Finnish Parliament Member In Court For Tweeting Bible Verse

A long-time member of Finland’s Parliament is in court this week for a second trial related to claims that she violated the nation’s hate speech laws by posting a passage from the Bible.

Although a court decided to drop the charges against 62-year-old Paivi Rasanen last year, prosecutors decided to try again, taking advantage of the fact that Finland does not provide defendants protection against double jeopardy.

Prior to facing charges last year, prosecutors claimed that her remarks incited “intolerance, contempt, and hatred toward homosexuals.”

The case stems from a 2019 social media post in which she quoted Romans 1:24-27 in response to her church’s support of an LGBT pride event. Ahead of a court date scheduled for Thursday, she issued a statement declaring that she is “ready to defend her freedom of expression in all necessary courts.”

Her press release went on to emphasize the nature of her statements, which she insisted have never expressed hate toward any group of people.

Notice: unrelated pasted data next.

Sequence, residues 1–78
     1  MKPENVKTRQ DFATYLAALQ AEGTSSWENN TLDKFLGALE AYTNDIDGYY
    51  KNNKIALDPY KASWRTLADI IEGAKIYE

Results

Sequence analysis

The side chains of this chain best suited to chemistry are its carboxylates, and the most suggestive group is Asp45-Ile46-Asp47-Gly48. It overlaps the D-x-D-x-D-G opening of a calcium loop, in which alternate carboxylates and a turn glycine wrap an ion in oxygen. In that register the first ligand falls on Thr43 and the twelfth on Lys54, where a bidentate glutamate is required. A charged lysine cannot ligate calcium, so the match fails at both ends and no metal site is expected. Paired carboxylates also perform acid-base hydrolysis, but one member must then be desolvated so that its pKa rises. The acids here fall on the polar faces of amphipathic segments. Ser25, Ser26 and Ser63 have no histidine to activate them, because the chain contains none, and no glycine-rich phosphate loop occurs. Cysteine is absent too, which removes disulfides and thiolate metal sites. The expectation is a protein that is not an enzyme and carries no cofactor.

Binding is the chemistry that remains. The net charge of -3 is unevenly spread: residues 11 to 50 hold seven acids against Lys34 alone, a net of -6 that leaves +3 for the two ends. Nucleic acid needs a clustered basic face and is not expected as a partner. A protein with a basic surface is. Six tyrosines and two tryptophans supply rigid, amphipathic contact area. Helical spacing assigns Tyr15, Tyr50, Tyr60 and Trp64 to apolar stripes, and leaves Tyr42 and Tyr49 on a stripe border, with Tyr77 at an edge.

“The content of my writings and my speeches represents the classical Christian view of marriage and sexuality, the same as the Churches have generally taught for two millennia,” Rasanen said. “I do not condone insulting, threatening or slandering anyone, and my statements have not included content of such a nature.”

Nevertheless, she claimed that she has endured relentless attacks, repeated questioning from authorities, and now two criminal trials as a result of her decision to express her religious beliefs.

“If writings based on biblical teachings were to be condemned, that would mean a serious restriction of freedom of religion. It is natural that this would raise concerns among Christians both in Finland and internationally,” Rasanen declared.

Her predicament has attracted global attention, including from a group of Republican U.S. lawmakers who wrote a letter on her behalf to the U.S. ambassador to Finland and the U.S. ambassador-at-large for international religious freedom.

“This prosecutor is dead set on weaponizing the power of Finland’s legal system to silence not just a member of parliament and Lutheran bishop but millions of Finnish Christians who dare to exercise their natural rights to freedom of expression and freedom of religion in the public square,” the legislators wrote.

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